On Aug. 7, Mayor Ed Lee held a press conference at Calvary Hill Community Church near the Bayview district to announce that he was dropping his pursuit of the conntroversial "stop and frisk" policy. SFPD Chief Greg Suhr joined him to declare that the department would be implementing a new anti-gun, non-stop-and-frisk strategy, called "Interrupt, Predict, Organize."
Exhibit A: On Saturday, SFPD searched three Bayview houses and seized 10 firearms, including two assault weapons. In all, officers confiscated 12 guns over the weekend.
"I wouldn't say that [seizing that many guns] is very common -- not 12," says Officer Carlos Manfredi. "The fact that we were able to get 12 off the streets within the weekend is great. It means that the system is in place and it's working."
Stop-and-frisk critics would be happy to hear that, based on the police reports, most of the guns were located, not through racial profiling or arbitrary searches, but on good old-fashioned police work.
According to Manfredi, interactions with community members helped lead SFPD to the suspects' dwellings. Finding these gun-carriers, he notes, is about "knowing who the players are."
True to the I.P.O. plan, police conducted the Saturday searches at the homes of two people on probation and one on parole. Officers had search warrants for two of the residences, and a probation search condition on the other. The most fruitful of the three investigations corralled five weapons, including a MAC 11 assault pistol as well as a handgun "found inside the pocket of a bathrobe hanging on a hook behind the bedroom door."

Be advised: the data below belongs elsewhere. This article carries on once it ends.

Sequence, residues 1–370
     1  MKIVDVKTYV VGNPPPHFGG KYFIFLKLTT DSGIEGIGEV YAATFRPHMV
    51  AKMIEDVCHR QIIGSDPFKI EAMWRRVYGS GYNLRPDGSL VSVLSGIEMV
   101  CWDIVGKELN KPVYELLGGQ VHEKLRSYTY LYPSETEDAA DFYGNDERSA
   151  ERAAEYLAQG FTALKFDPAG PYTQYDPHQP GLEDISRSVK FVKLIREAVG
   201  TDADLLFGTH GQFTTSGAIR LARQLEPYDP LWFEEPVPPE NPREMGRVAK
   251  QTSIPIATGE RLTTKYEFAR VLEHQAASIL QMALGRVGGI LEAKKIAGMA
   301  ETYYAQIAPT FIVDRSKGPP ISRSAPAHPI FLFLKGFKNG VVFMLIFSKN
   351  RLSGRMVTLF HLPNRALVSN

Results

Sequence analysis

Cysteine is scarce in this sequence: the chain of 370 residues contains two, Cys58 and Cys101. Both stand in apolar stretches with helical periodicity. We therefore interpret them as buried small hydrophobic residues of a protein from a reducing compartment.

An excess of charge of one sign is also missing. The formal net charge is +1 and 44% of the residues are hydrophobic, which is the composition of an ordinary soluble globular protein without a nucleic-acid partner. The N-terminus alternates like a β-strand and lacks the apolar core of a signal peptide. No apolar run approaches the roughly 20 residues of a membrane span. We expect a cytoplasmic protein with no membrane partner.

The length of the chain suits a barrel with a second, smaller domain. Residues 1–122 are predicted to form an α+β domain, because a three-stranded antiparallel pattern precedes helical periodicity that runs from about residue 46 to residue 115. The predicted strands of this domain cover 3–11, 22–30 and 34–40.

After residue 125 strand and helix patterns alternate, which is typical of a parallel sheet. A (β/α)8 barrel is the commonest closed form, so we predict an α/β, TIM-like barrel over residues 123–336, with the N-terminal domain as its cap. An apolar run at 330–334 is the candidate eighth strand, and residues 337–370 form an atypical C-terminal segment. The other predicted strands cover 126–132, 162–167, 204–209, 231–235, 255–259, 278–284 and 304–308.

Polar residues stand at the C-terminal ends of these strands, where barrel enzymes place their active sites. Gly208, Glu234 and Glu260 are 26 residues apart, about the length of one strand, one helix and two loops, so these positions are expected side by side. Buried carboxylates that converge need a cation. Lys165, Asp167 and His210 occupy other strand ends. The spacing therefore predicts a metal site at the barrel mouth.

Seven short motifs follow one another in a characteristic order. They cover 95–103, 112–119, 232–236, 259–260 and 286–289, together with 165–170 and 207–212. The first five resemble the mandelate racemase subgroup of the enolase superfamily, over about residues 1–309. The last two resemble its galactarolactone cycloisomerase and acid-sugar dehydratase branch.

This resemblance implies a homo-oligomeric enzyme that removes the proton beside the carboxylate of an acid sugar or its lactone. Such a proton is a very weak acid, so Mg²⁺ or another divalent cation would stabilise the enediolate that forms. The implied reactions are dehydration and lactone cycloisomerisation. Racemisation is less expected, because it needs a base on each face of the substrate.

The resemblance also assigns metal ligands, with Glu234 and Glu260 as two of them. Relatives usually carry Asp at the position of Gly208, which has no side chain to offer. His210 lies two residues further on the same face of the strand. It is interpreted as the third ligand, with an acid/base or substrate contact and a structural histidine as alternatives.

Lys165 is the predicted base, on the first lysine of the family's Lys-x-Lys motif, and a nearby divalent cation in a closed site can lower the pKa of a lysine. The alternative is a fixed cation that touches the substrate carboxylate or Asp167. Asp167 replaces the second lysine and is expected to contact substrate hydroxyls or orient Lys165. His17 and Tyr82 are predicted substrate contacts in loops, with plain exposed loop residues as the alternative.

The two other guns were found on foot patrols.
Just after midnight on Monday, officers stopped a man walking down the street; the man, "on seeing them ... became rigid and started glancing around for a route to run," according to a police summary of the incident report. "When one of the officers advised the suspect that they were going to pat him down for weapons, the suspect ran from them." The policemen grabbed him and a handgun fell from the man's waistband.
Not every seizure was without controversy, though. On Friday, officers detained a group of people who were "involved in an illegal game of dice" in front of a house. With a pat-down search, an officer found a handgun on one of the guys. It was 8 p.m. and bystanders were watching. Many of them did not appreciate police detaining a group of guys for apparently nothing more than playing craps in public. According to the police version of events, the crowd was "hostile."
One woman attempted to get past the police line. An officer pushed her back, and "she kicked him in the groin area with such force that the keys that were attached to his duty belt came flying off."
She was also arrested.